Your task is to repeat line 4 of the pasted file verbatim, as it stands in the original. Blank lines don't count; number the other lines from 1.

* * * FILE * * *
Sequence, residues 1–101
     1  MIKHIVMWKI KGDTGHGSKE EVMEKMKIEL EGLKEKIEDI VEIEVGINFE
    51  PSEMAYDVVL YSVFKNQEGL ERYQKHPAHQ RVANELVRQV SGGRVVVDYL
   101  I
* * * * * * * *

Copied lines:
   101  I